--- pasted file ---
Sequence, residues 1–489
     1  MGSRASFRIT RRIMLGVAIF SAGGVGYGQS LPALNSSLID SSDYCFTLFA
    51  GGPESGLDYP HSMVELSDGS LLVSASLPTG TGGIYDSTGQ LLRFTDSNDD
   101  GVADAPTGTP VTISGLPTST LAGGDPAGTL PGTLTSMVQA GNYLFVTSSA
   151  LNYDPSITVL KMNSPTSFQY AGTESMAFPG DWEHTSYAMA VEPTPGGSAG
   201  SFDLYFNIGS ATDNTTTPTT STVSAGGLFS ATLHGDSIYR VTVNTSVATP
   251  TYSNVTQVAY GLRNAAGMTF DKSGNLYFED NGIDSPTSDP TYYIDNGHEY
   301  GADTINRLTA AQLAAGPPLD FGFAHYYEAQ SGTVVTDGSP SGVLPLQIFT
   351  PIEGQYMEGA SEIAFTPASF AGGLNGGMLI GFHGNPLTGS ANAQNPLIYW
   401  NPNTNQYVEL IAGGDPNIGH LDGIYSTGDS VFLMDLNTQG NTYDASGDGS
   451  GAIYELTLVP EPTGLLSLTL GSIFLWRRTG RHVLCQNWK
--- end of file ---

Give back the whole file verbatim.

Sequence, residues 1–489
     1  MGSRASFRIT RRIMLGVAIF SAGGVGYGQS LPALNSSLID SSDYCFTLFA
    51  GGPESGLDYP HSMVELSDGS LLVSASLPTG TGGIYDSTGQ LLRFTDSNDD
   101  GVADAPTGTP VTISGLPTST LAGGDPAGTL PGTLTSMVQA GNYLFVTSSA
   151  LNYDPSITVL KMNSPTSFQY AGTESMAFPG DWEHTSYAMA VEPTPGGSAG
   201  SFDLYFNIGS ATDNTTTPTT STVSAGGLFS ATLHGDSIYR VTVNTSVATP
   251  TYSNVTQVAY GLRNAAGMTF DKSGNLYFED NGIDSPTSDP TYYIDNGHEY
   301  GADTINRLTA AQLAAGPPLD FGFAHYYEAQ SGTVVTDGSP SGVLPLQIFT
   351  PIEGQYMEGA SEIAFTPASF AGGLNGGMLI GFHGNPLTGS ANAQNPLIYW
   401  NPNTNQYVEL IAGGDPNIGH LDGIYSTGDS VFLMDLNTQG NTYDASGDGS
   451  GAIYELTLVP EPTGLLSLTL GSIFLWRRTG RHVLCQNWK